Frank Bates [1889 - 1921]
In 2013 a blue heritage plaque was unveiled in Peckham Rye, Southwark, at the former home of one of the pioneers who brought Jazz to the UK after the first world war. Bajan-born Frank Bates was a singer in the Southern Syncopated Orchestra, a 36-piece orchestra made up of African American, Caribbean, and British born musicians of an African heritage. The orchestra included three women and two English musicians who liked the music so much they use to apply makeup to their appearance to play and publicly perform with the band.
The orchestra was invited to play at Buckingham Palace, and there is no doubt that between 1919 and 1921 they were the no.1 Jazz transition ensemble in Europe, and arguably the world. But at the height of their success, tragedy struck when they were involved in a naval shipping disaster that has since come to be referred to as the black Titanic.
On October 9th, 1921 the Southern syncopated Orchestra was on board the steamship Rowan from Glasgow to Dublin. Just after midnight a collision occurred in foggy waters between the Rowan and American cargo liner West Camak, off Corsewall Point. Initial panic soon turned to calm when it became obvious the Rowan was not seriously damaged and there was little chance of sinking. However, less than a quarter of an hour later, out of the fog and the night, suddenly came rushing the Clan liner, Malcolm, weighing 5,994 tons. It plundered into the side of the Rowan splitting the smaller steamship in two. Within two minutes the Rowan had disappeared into the sea, claiming 35 lives, nine belonging to the Southern Syncopated Orchestra and Frank Bates died at sea.
The disaster made worldwide news at the time coming nine years after the Titanic, and not least because of its illustrious passengers. However, the tragedy proved too much for the orchestra and within a year, they disbanded. As post-war Jazz began to evolve, the legend of the Southern Syncopated Orchestra began to fade. And there it would have remained, passed down as an oral history tradition among a few descendants of the orchestra, had if not been for a relentless jazz historian called Howard Rye and the granddaughter of Frank Bates, Juliet Jones. The two met and eventually approached the Nubian Jak Community Trust to place a commemorative plaque to the band. Such was the importance of the Southern Syncopated Orchestra to the history of British music that the Trust agreed to unveil plaques dedicated to them.
It is a privilege to be involved in honouring Frank Bates, a former resident of the borough who along with his band made such an important contribution to Britain. Thanks to Nubian Jak for awarding Frank Bates a blue plaque, and special thanks to the granddaughter of Frank Bates, Ms Juliet Jones for pursuing his history and allowing us to reach this very important occasion to celebrate the history of the SSO. Mayor of Southwark Cllr Althea Smith.
As the granddaughter of Frank Bates, I consider it an honour to share this story of forgotten heroes and heroines of jazz with the world. The past 10 years has been a fascinating voyage of discovery of the major contributions made by the African American jazz band the Southern Syncopated Orchestra to early jazz. Sharing the personal effect it’s had on my family and that of other descendants and widows and orphans affected by the disaster is already grabbing global attention. Enjoy! Granddaughter of Frank Bates Juliet Jone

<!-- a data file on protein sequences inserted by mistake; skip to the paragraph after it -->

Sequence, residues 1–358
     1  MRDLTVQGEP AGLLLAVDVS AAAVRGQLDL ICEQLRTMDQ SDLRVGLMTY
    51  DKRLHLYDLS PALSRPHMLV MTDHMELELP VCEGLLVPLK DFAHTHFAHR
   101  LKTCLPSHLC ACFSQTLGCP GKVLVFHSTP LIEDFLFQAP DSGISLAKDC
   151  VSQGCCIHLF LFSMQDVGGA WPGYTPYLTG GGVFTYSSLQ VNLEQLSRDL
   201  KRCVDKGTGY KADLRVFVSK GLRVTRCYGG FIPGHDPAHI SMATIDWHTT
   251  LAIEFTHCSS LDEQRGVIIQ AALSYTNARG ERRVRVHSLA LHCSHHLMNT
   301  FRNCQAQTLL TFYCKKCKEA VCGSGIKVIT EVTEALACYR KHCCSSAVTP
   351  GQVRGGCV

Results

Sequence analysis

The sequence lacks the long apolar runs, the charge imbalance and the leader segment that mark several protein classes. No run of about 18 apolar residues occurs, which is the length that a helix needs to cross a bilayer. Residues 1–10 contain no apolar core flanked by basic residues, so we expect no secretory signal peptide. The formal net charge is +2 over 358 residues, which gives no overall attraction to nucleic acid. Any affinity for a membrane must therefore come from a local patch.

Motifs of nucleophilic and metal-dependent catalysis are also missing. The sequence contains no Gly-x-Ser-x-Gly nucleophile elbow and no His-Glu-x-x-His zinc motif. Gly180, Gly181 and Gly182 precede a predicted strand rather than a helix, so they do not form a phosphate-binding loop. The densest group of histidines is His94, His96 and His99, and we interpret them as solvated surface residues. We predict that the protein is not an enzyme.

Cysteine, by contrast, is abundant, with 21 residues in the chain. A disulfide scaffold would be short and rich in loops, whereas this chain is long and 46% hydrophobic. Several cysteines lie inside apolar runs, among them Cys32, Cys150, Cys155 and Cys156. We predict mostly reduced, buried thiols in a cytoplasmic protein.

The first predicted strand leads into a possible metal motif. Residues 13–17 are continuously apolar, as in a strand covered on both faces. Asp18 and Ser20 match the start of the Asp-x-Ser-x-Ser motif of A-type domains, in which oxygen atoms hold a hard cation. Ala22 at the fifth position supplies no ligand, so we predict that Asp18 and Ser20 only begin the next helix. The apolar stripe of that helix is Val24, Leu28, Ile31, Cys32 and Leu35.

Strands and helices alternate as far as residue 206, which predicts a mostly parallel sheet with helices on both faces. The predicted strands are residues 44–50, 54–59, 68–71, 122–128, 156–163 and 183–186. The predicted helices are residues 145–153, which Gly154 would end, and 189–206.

It is good to know that the Southern Syncopated Orchestra, which had such an impact on British musicians and on jazz internationally, is finally being given public recognition. British Historian and Jazz expert Howard Rye.
I am thrilled that Frank Bates is being remembered and honoured with a Nubian Jak Blue Plaque at his former home in Peckham Rye. He made an important contribution to British jazz music through his association with the Southern Syncopated Orchestra, but his untimely death on the steamship Rowan in 1921 robbed the jazz world of a pioneer. Author, Historian and local campaigner Stephen Bourne.
- The Frank Bates Tribute was the first of a 4 part plaque series honouring some of the illustrious musicians that played in the SSO. This included Ellis Jackson, Pete Robinson and Sidney Bechet. The plaque series was only one component of a 6 month project called London Schools Remembrance Project funded by the HLF and consisting of the following: School Workshops, Oral History Training, Libraries Exhibition, Performance Day (at the Royal Court Theatre), Two eBooks, A Website, and an Awards Day! There are 4 schools and approximately 120 students taking part in the project. The age range included students from years 4, 5, 6, 7 and 8. The Frank Bates tribute was also supported by local dignitaries, councillors, members of the public, national and international press and media.
- Location: 19 Hichisson Road, Peckham Rye, London, SE15 3AN